At a certain point, every new business faces a tactical fork in the road: should it try to be all things to all people and spread the risk across multiple revenue streams? Or should it look to establish a foothold by dominating a niche?
For Stephen Gillies, who had spent 15 years at engineering and infrastructure giant Downer Group, the right option was definitely the latter. Seeing a gap in a market dominated by a few major players to offer more personalised service in the road maintenance space, he steered his new company towards developing specialist expertise and having a focus on the best plants and equipment.
Downer had many divisions, spanning mining, resources and construction, but it was clear which sector Stephen would gravitate to when he struck out with his own business. “The road maintenance sector appealed to me mainly because I like the people who work in the industry and their culture. I enjoy working with that clientele, which is predominantly local government and state government.”
The nature of the industry, where contracts generally span multiple years, also means financial stability for companies that can meet government requirements. “More roads are always being built and they deteriorate with time, so they always need to be maintained. As you aggregate a number of road maintenance contracts, you actually have visibility and reliability for the financial year. That is appealing from the point of view of structuring, operating and driving a business.”
Stephen Gillies recognises a new opportunity
Even with the promise of major long-term contracts on offer, Stephen knew that Roadworx needed a unique selling point. He likens the industry to the banking sector, where a handful of well-established major players dominate.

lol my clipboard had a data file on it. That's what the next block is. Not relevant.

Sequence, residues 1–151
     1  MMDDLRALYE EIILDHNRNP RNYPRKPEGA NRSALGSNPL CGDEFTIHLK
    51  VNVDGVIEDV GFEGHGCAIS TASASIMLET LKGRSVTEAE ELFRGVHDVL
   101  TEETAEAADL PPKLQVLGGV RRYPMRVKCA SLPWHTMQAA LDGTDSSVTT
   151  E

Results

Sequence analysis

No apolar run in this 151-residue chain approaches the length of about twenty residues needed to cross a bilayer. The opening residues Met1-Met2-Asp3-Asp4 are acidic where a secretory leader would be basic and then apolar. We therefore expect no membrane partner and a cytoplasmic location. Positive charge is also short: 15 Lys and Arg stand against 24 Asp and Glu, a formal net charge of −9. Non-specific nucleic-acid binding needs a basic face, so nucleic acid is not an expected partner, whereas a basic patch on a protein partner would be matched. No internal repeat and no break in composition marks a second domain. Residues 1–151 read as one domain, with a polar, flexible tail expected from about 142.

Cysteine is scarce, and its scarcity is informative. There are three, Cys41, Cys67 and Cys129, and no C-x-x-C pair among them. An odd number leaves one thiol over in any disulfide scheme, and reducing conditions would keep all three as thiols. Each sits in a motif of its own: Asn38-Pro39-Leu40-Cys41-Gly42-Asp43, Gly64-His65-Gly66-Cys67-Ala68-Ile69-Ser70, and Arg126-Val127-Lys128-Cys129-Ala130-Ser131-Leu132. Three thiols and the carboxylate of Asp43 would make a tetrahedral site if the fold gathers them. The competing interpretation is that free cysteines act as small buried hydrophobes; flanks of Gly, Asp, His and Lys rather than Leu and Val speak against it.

“There was an opportunity to capture customers looking for something a little different. Having a large financial and operational capacity is always appreciated by customers, but sometimes they don’t get the service and customer care that they’re looking for.
“What we’ve tried to do is to bring the degree of professionalism that you see in big companies but with the service and personal touch with the customer that does occasionally get lost at bigger companies. We prefer the niche approach and that is the particular niche we pursued.”
Stephen says that large market entrants have their advantages such as economies of scale, but they can easily become depersonalised. He believes a medium-sized business such as Roadworx can offer greater agility and responsiveness.
It also allows executive staff such as Stephen to be more directly involved. “As a business grows, you can become more remote and your role is more like directing traffic. With a smaller business like this, you’re pretty much doing hands-on work on a daily and weekly basis.”
With a smaller business like this, you’re pretty much doing hands-on work on a daily and weekly basis.